5 Cold Weather Skin Care Myths Debunked!
Margot Grant Witz of Elizabeth Grant Skin Care dishes secrets to keep skin looking beautiful throughout cold winter months.
-Margot Grant Witz
The winds of change are upon us, and the temperatures have begun to drop: freezing cold floors in the morning are the worst! As a Canadian, I’m no stranger with dealing with cold weather. By this point in my life, I’ve learned to cope with icy roads and what static electricity does to my hair. I have also learned a thing or two on how to take care of my skin through this harsh season. You may think your winter beauty routine has been perfected, but the Elizabeth Grant team and I have studied hard to debunk the top myths for you!
Myth number 1: SPF is only for the summer time.
First of all, don’t be fooled by the dwindling amount of sunlight during the day. SPF is not only for the summer time! This is the biggest myth out there. Even though the sun is shining the strongest in the summer time, it doesn’t mean the sun isn’t out for 365 days a year. Even on cloudy days, the sun can be damaging to unprotected skin. How? UVA rays penetrate even the thickest of clouds, and act as one of the most, if not the most potent aging factors in the environment. Use a SPF everyday of the year and in 10 to 20 years you and your baby-soft skin will thank me.
Myth number 2 : “I don’t need to wash my face tonight. I’m not wearing any makeup. And it’s cold… I haven’t been sweating or anything!”
After the sun does go down, it’s easy to curl up in a warm blanket and fall into a deep hibernation. But before you hit the sack, don’t forget to wash your face, even if you’re not wearing make-up or haven’t sweated during the day. Even if you’ve been makeup free on a chilly fall day, dirt, oil and environmental residue can make you break out. Not a good enough reason? Think of it this way…all of the air you’ve hit throughout the day has particles in it, sticking to your skin. Once you lay down on your pillowcase, this dirt is transferred, and ready to breed bacteria. GROSS! Change your pillowcase weekly to avoid this, and hair-care residue transfer, from creating a prime pore clogging culprit.
Myth number 3: “I’m broke from holiday shopping and can’t afford quality skin care that is expensive.”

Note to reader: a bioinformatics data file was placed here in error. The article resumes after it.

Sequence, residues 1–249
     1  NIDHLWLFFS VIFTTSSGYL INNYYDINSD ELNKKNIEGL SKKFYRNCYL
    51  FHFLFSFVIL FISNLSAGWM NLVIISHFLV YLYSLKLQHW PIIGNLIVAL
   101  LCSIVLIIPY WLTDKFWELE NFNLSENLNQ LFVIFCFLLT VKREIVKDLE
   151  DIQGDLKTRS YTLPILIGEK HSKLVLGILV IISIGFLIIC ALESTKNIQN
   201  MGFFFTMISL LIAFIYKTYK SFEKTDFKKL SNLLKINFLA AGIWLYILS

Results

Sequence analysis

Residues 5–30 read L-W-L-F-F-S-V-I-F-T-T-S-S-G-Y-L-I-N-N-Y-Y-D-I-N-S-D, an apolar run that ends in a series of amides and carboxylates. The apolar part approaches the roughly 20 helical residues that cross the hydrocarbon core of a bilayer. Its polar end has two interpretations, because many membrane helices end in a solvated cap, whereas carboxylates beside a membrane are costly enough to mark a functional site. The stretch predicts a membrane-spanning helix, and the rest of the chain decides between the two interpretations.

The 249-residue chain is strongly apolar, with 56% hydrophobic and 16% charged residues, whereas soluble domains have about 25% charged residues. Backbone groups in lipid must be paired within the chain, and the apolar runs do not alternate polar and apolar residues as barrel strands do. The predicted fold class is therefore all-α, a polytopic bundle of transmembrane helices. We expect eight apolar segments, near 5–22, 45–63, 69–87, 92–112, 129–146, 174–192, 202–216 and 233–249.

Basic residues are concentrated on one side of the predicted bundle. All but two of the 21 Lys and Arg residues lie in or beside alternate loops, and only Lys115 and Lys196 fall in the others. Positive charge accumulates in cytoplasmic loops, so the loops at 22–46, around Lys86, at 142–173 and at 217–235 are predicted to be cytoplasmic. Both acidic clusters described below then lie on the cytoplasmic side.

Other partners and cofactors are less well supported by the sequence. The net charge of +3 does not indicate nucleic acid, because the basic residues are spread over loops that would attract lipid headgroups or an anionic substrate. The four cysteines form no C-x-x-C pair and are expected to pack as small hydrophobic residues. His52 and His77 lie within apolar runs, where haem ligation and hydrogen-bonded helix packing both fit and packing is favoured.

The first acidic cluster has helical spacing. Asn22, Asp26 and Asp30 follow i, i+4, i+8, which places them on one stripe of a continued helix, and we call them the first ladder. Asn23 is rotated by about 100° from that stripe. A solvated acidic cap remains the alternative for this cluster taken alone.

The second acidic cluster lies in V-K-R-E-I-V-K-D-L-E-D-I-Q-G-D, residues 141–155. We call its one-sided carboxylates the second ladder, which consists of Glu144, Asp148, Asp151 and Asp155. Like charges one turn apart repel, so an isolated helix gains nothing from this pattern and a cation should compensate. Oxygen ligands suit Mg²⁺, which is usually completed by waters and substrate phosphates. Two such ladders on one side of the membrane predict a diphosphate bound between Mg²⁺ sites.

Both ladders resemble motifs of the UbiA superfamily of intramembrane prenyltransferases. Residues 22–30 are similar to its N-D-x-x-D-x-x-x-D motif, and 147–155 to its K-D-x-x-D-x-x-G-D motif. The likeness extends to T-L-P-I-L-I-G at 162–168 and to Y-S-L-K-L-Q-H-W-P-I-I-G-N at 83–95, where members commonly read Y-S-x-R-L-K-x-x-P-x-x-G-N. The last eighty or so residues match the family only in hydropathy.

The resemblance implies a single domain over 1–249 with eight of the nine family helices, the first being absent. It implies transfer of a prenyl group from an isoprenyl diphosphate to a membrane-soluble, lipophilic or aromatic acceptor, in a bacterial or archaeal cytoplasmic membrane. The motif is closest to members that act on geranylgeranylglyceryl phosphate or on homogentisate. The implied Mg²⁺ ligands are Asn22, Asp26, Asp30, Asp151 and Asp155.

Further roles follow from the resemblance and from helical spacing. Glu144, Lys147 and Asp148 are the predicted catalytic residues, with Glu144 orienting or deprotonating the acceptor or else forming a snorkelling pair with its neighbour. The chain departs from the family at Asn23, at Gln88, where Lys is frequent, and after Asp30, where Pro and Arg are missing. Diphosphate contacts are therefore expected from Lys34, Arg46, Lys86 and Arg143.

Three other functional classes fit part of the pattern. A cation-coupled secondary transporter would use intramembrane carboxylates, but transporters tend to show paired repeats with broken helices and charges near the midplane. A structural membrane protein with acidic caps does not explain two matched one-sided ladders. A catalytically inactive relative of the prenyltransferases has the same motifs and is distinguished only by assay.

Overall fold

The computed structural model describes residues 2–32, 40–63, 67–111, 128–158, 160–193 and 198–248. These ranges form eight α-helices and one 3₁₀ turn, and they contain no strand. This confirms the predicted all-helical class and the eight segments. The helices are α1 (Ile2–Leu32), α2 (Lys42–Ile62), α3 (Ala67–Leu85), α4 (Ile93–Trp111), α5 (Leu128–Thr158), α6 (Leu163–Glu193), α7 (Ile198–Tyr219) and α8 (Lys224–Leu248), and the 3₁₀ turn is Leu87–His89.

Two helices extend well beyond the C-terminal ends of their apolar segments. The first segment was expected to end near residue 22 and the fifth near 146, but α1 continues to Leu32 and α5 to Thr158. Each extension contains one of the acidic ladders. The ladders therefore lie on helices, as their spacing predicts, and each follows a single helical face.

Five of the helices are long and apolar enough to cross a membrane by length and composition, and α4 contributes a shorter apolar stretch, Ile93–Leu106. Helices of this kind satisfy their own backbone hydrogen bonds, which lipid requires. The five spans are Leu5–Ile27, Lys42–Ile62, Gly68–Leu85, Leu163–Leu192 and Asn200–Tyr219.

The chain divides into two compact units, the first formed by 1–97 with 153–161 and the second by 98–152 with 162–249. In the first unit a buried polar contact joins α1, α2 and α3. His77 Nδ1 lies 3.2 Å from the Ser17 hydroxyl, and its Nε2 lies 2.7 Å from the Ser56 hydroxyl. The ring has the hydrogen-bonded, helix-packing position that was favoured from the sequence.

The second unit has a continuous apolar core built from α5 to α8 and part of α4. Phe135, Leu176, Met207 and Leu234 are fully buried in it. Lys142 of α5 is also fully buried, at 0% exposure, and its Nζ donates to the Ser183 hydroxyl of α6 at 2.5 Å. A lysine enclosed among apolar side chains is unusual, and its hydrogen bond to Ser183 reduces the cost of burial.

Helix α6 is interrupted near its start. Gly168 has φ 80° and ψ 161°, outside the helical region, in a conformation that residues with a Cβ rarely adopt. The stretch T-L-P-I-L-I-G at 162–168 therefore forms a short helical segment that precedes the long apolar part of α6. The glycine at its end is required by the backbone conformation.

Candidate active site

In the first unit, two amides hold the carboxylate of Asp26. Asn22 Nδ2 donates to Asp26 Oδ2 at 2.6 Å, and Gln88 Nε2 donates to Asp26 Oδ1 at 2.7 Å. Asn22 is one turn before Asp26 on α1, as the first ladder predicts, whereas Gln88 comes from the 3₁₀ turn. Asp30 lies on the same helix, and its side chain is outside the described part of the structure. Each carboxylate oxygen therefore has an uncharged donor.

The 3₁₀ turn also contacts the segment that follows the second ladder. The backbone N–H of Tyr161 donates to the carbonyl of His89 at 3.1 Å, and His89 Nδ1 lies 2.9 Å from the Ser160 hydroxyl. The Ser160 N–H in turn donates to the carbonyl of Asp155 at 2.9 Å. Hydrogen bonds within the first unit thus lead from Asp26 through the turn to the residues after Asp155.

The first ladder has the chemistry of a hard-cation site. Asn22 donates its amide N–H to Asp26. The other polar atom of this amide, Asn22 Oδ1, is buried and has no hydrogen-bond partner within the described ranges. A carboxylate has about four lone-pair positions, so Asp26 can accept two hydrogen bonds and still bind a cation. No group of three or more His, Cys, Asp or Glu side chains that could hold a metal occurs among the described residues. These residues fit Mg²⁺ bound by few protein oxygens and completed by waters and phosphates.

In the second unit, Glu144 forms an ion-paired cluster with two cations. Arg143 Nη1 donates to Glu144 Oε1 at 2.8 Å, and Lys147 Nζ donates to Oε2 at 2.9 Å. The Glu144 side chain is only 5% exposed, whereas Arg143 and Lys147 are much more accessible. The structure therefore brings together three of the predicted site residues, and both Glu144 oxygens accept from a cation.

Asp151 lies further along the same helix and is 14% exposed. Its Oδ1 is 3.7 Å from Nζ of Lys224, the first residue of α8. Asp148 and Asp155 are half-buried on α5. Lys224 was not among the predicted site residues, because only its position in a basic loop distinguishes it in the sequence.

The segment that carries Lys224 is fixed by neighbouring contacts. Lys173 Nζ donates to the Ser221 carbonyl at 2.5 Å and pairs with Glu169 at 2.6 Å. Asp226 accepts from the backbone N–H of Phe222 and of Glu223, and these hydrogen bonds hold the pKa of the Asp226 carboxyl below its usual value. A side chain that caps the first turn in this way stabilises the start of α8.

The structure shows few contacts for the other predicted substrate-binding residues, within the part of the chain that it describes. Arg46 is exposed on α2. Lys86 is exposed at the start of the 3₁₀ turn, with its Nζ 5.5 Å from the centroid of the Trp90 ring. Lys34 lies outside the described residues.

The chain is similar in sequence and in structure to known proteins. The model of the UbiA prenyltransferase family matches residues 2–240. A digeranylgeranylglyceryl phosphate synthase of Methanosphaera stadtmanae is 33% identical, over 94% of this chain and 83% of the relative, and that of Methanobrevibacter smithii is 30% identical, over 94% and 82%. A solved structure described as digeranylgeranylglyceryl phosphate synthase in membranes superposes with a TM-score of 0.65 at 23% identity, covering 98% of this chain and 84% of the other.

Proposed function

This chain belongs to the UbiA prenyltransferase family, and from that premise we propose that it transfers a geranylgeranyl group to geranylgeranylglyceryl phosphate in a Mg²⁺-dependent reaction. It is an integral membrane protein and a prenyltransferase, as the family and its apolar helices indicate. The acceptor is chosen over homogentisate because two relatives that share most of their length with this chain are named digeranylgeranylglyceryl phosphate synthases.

Holiday shopping got you and your budget for skin care products down? When it comes to skin care, it is not the packaging or the price that matters; it is the active ingredients. You don’t have to spend tons of dough on products. Look for lower-priced brands that have these key ingredients: Collagen to firm, a combination of Salicylic Acid and Glycolic Acid to rid and prevent blemishes ands oil and Vitamin C to refresh your skin.
Myth number 4: “I have good genes; I don’t need a skin care routine.”
So many people think that just because they have good genes means they don’t need a skin care routine. They’re wrong. Of course good genes go a long way, but by practicing a good skin care regime, this’ll help make sure that the harmful effects of nature don’t take their toll on your skin. Remember, skin care doesn’t work overnight to take away or resolve your skin concerns, and if it does, its not long term. Have some patience, and within 4 to 8 weeks, you’ll start to really see the difference.
Myth number 5: “My skin feels tight because it’s cold out.”
You may be tempted to assume that your skin is tight because it’s cold out, don’t be deceived by the change in temperature! Tight skin actually means your face is stripped of its natural oils, kicking your skin into overdrive. What does that mean? It means the appearance of your skin takes a toll. Fine lines may be more noticeable and your skin may break out due to having to produce more oil. All in all, listen to your skin. Skin care is about caring for your skin. Not harming it.
And there you have it, the Elizabeth Grant approved secrets for cold weather skin care are out! At the end of the day, we all have different skin needs, so curtail your regimen around your specific needs.
Tell us: what are the craziest skin care myths you’ve been told?